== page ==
Antibodies from the common cold could help protect against COVID-19
13 Nov 2020, 4:10 p.m.
Common cold antibodies, created by the immune system and found much more commonly in children aged between 6-16, could provide some protection against COVID-19.
This is according to research from the UCL Great Ormond Street Institute of Child Health (ICH), Great Ormond Street Hospital (GOSH) the Francis Crick Institute and Imperial College London.
When infected with a virus, the immune system will create antibodies to help fight the virus. The antibodies will remain in the blood, able to fight that virus again more quickly if it returns.
In the research, published in Science, scientists found that some people, notably children, have antibodies reactive to SARS-CoV-2 in their blood, despite not ever having being infected with the virus. These antibodies are likely the result of exposure to other coronaviruses, which cause a common cold and which have structural similarities with SARS-CoV-2.
The researchers made this discovery while developing highly sensitive antibody tests for COVID-19. To see how well their assay tests were performing, they compared the blood of patients with COVID-19 to patients who had not had the disease. Surprisingly, they found that some people who had not been exposed to SARS-CoV-2 had antibodies in their blood which would recognise the virus. To confirm their findings, they analysed over 300 blood samples collected before the pandemic, between 2011 and 2018.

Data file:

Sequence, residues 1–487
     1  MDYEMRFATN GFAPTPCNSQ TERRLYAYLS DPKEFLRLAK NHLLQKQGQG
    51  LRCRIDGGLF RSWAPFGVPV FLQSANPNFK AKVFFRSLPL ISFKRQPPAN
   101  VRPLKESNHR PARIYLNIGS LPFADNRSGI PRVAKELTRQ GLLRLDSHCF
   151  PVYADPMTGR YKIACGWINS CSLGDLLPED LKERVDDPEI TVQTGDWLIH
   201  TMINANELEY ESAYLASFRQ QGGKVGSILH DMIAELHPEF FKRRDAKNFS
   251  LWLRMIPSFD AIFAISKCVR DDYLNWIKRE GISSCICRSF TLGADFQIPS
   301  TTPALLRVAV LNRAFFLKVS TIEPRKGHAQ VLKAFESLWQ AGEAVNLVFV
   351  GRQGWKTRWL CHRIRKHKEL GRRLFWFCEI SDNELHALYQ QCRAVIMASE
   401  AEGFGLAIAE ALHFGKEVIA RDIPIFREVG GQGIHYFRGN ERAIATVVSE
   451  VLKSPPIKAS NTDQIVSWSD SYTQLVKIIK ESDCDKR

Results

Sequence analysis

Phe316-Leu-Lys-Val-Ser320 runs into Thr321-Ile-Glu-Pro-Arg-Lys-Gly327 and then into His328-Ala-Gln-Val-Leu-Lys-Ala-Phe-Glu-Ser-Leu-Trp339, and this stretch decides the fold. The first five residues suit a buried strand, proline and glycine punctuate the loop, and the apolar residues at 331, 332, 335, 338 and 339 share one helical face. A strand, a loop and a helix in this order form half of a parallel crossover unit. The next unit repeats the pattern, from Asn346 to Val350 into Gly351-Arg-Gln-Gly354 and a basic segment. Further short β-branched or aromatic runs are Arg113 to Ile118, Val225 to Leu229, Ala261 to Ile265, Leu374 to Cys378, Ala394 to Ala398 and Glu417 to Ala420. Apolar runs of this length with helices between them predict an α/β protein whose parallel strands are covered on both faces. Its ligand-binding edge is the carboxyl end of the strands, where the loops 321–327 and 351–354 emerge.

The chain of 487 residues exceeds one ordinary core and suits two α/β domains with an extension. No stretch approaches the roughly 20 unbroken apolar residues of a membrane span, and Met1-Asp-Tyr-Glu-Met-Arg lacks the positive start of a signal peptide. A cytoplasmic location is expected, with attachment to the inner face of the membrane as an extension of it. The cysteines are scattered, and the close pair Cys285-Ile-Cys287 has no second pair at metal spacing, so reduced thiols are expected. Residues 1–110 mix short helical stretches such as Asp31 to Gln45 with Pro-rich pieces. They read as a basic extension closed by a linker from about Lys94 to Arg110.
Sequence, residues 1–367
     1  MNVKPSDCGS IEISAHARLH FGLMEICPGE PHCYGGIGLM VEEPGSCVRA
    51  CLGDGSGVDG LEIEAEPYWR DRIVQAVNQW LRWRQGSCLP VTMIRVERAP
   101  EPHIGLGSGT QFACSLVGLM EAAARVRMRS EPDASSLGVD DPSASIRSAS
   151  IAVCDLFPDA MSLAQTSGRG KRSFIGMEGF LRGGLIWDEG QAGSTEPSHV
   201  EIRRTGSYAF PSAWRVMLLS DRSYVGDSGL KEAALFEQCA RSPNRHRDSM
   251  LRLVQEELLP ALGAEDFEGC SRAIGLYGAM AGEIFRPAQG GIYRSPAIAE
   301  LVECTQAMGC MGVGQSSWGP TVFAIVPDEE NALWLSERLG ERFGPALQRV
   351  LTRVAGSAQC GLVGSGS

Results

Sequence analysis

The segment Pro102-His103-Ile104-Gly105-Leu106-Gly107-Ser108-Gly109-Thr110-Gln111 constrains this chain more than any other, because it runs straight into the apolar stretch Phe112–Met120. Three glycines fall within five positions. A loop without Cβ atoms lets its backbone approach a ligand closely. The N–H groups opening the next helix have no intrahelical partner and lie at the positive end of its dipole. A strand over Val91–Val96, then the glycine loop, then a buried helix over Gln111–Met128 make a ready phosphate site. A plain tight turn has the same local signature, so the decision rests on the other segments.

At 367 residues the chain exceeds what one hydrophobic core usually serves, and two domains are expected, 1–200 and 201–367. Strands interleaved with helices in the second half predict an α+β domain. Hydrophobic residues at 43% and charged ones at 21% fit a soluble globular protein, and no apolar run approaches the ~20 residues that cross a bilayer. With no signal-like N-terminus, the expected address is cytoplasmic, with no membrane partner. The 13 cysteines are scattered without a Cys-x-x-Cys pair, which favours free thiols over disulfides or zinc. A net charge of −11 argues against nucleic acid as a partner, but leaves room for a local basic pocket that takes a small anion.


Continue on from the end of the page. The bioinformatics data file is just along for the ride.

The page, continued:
Nearly all samples had antibodies that reacted with common cold coronaviruses, which was expected given that everyone has been exposed to these viruses at some point in their lives. However, a small fraction of adult donors, about 1 in 20, also had antibodies that cross-reacted with SARS-CoV-2, and this was not dependent on recent infection with a common cold coronavirus.
In the lab, the researchers tested the antibodies they found in blood from uninfected people to confirm they are able to neutralise SARS-CoV-2. They found the antibodies targeted a particular part of the virus - the S2 subunit of the spike protein - found on its surface.
Co-author, Professor Lucy Wedderburn, Deputy Director of the National Institute of Research (NIHR) GOSH Biomedical Research Centre (BRC and Director of the Centre for Adolescent Rheumatology Versus Arthritis, said: “We were delighted to collaborate with the researchers at the Crick in this important study. We know that children seem to suffer far less from the SARS-CoV2 virus, so our study may give insights into how the immune system can protect us against COVID-19. And the more we understand about why children are at lower risk, we can be more confident in advising families about going to school or participating in other activities."
“Importantly, the work with Professor George Kassiotis and his team at the Crick is ongoing, to find out whether our young patients with arthritis and related rheumatic diseases also have these protective antibodies from previous coronavirus infection, that could help to protect them against COVID-19.”
A large study is now underway by researchers at UCL, the Crick and Imperial College London, to uncover the role that different antibodies and other immune defences play in protection against COVID-19 and how severely ill people become.
The Adolescent Rheumatology Versus Arthritis at UCL, UCLH and GOSH is supported by Versus Arthritis and Great Ormond Street Hospital Children's Charity.
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